China Shadow Banks Pay Record Premium for Cash as Squeeze Bites
(Bloomberg) -- The last day of a bitter year for China’s non-bank borrowers is proving to be especially painful: they’re now paying a record premium for short-term funds.
As interbank lending rates climbed on Friday due to banks hoarding cash for year-end regulatory checks, the increase was especially significant for non-bank financial institutions, such as securities and insurance companies. A measure of what they’re paying for seven-day funds relative to costs for big Chinese banks surged to the highest level ever.
The funding cost gap is reflected in the spread between China’s seven-day repurchase rate fixing and the weighted average rate, which expanded to almost 3 percentage points, the most in data going back to 2006. Non-bank borrowers tend to have a greater influence on the fixing, while large banks have more sway over the weighted average.
“Non-bank financial institutions are having a hard time," as authorities tighten regulations, said David Qu, a market economist at Australia & New Zealand Banking Group Ltd. “I’m not optimistic about the liquidity conditions in the first quarter. But there’s a chance the tightness may ease after the new year."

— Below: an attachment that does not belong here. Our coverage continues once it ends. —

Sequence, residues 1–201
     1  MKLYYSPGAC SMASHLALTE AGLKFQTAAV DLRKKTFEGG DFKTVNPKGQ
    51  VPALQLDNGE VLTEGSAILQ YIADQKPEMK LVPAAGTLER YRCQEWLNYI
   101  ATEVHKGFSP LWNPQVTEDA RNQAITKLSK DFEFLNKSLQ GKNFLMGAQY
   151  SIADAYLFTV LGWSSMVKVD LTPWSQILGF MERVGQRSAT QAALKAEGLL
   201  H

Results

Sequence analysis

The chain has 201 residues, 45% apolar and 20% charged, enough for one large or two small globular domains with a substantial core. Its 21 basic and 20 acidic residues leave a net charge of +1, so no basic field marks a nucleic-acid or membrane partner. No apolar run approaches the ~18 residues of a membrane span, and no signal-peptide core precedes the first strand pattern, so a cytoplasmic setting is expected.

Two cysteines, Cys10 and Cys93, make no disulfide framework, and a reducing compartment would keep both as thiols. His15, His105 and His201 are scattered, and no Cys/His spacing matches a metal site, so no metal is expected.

This year has been tough for players in China’s debt markets, as money market rates jumped and bonds tumbled amid an official campaign to curtail leverage. The drive is expected to continue in 2018, with top leaders led by President Xi Jinping pledging this month to “fight the battle" against financial risks.
Still, there was one piece of better news for borrowers on Friday: the central bank said it would allow lenders to use reserves to meet their liquidity needs during the Spring Festival in February.
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With assistance from Tian Chen, Justina Lee, Xize Kang